Luxury brands expanding into food & beverage
What comes to mind when you think of KFC? Crispy, golden fried chicken? Perhaps a juicy chicken breast sandwich? Or even that sandwich that had two chicken patties instead of bread (it’s called the Double Down, and it’s back). Way down the list would be $300 Italian leather handbags crafted by Savile Row artisans with a picture of Colonel Sanders plastered on them. But such a thing exists, and there’s a waitlist to get one. The Wrapuette bag is a play on the popular Baguette bag high-end fashion retailers used to sell. It’s also a symbol of the intersection of luxury, food, and drink. Or, as KFC called it, “the intersection of chic and chicken, in a fashion moment that no one saw coming.” Not content to stay in their traditional lanes, luxury brands and food & drink are teaming up to expand into new markets.
Celebrities have long endorsed products, but traditionally it has been other people’s products. Looking for ways to expand their personal brands and revenue streams, they’ve been cutting out the middleman and launching their own food & drink lines. There’s no better space to do this than the roughly $2 trillion global alcoholic beverage industry.
“Celebrities today have so much media power and a platform to communicate more about who and what they are,” said Mark Haas, CEO and president of The Helmsman Group. “Historically, celebrities would have entered licensing deals for royalties. Alcohol was always taboo, and many of these royalty agreements used to contain morality clauses. Today, alcohol doesn’t seem to be the forbidden territory it once was. Celebrities are free to engage in marketing and spirits (are) more lucrative equity territory.”
Society sees these celebrities as the epitome of class, sophistication, and cool. Combine that with the fact they have a lot of money, and it’s natural for them to want to exude luxury in their personal branding. Thus, you have the likes of Kendall Jenner launching a tequila and Ryan Reynolds a gin. When high-end brands like Cristal objected to rappers making expensive Champagne a staple of their songs and videos, Jay-Z and others turned around and started their own labels. Even Danny DeVito has his own limoncello. By making themselves synonymous with the high-end booze they sell, these celebrities come to embody luxury food and drink.
Brand x Brand
Rather than launch their own line, several well-established brands are collaborating with well-known food and drink brands on specialty products that give both names a boost in the public eye. In the U.K., bakery chain Greggs, famed for its sausage roll, partnered with fast-fashion brand Primark on 11 clothing items featuring the Greggs logo. They sold out within hours in Newcastle.
“I am just going to get everything. I want all the clothes because I am obsessed with Greggs. It’s actually a problem!” 18-year-old Jenny Bennett told ITV. “I love a sausage, bean, and cheese melt.”
A bit up the luxury food and drink scale, Coach and New York City staple Zabar’s teamed up on a collection of bagel-emblazoned clothes and bags. It, too, sold out quickly. Perhaps the most striking collab was the Taco Bell x Forever 21 collection featuring bodysuits designed to look like Taco Bell sauce packets and hoodies adorned with the Taco Bell logo. As part of its #Heineken100 program, the brewery commissioned hoodies, jackets, and T-shirts from streetwear brand A Bathing Ape. The Dunkin’ collaboration with e.l.f. cosmetics featured donut-shaped face sponges and “glazed for days” lip gloss.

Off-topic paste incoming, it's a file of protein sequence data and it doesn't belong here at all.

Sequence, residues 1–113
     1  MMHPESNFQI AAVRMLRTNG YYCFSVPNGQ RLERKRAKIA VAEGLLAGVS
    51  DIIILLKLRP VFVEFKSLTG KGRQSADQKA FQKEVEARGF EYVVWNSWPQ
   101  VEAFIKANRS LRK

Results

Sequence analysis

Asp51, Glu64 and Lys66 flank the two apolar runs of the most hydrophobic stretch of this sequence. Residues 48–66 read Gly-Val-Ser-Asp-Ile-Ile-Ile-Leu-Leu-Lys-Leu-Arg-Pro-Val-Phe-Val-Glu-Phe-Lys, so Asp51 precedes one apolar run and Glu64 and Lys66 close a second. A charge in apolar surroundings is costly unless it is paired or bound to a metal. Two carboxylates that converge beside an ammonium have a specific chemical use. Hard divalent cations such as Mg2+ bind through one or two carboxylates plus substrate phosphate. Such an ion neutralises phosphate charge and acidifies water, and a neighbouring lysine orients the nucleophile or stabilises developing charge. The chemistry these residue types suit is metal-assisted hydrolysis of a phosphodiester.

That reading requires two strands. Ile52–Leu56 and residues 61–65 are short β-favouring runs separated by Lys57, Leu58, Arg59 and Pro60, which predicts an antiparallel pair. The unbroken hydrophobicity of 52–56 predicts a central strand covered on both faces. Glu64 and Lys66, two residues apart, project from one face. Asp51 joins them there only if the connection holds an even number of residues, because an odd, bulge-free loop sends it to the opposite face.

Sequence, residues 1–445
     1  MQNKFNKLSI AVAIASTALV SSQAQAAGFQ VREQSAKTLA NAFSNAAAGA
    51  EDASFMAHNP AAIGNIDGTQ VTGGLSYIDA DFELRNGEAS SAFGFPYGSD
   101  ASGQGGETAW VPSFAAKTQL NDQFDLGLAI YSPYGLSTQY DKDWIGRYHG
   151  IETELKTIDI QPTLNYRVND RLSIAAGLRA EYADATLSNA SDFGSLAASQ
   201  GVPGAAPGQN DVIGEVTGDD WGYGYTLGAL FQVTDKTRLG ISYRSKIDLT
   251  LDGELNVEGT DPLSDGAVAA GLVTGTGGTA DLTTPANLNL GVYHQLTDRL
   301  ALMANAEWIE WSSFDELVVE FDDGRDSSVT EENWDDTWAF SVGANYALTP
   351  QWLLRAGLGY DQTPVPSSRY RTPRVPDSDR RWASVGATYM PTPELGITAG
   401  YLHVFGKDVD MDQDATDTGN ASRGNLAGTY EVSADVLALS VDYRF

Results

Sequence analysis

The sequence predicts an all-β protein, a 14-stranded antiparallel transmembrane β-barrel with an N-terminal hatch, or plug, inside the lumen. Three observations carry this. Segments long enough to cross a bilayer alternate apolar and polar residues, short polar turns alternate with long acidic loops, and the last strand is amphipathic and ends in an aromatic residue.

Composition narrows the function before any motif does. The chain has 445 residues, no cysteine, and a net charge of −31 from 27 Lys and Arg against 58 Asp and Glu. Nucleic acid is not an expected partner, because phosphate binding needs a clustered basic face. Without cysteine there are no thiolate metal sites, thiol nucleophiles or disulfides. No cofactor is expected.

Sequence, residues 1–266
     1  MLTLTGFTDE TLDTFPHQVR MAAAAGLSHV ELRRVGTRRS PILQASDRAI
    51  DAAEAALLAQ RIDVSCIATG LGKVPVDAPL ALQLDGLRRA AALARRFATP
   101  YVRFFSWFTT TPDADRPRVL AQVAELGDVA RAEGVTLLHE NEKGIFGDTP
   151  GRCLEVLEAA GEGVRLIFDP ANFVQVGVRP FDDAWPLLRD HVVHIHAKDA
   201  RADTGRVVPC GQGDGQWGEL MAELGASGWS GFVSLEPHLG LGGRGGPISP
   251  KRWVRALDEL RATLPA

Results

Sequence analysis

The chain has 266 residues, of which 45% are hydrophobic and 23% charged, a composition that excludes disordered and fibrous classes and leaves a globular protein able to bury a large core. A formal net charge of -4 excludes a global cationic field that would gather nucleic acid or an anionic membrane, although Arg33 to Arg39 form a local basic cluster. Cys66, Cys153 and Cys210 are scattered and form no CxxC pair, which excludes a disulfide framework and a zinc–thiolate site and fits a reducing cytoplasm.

In a larger venture befitting its global status, Coca-Cola has launched retail stores featuring branded clothing and showcasing collaborations with the likes of Soho Grit, Herschel, and A Bathing Ape, though its London flagship store is set to close this month after less than a year.
Dinner and Shopping
Dispensing with the need for another brand, some icons of their industries have simply opened their own restaurants to supply their own luxury food and drink. Looking to capitalize on China’s $100 billion tea market, Tiffany & Co launched its Blue Box Café in Shanghai and Cartier opened a teahouse in Chengdu to accompany its reopened flagship store. Dior and Ralph Lauren are making similar moves in China.
“With a slowing economy, and massive layoff from high-growth sectors flooding the news headlines today, many young professionals are shifting their consumption habits from luxury to food and drink. They are looking for small, concrete happiness,” fashion reporter Qirui Chen told Jing Daily.
Dior already has a signature restaurant at its 30 Montaigne store in Paris, where Jacquemus operates its Café Citron. On the French Riviera, Louis Vuitton has a restaurant featuring African-Asian-French fusion gastronomy by Michelin-starred chef Mory Sacko. You can find Gucci Osteria locations in Florence, Beverly Hills, Tokyo, and Seoul.
“The movement in luxury brands developing experiential extensions, particularly in the hospitality sector, has been a response to shifting consumer priorities. … This is a longer-term shift in consumer-to-brand relationships and the concept of value. Asia is poised to move faster in the delivery of this change, offering an opportunity to lead the future of luxury,” Georgia Fendley, founder and creative director of branding agency Construct, told the South China Morning Post.
To that end, luxury watchmaker Breitling debuted its first restaurant in Seoul this year. Brands figure we all need to eat, so why not put their stamp on luxury food and drink?
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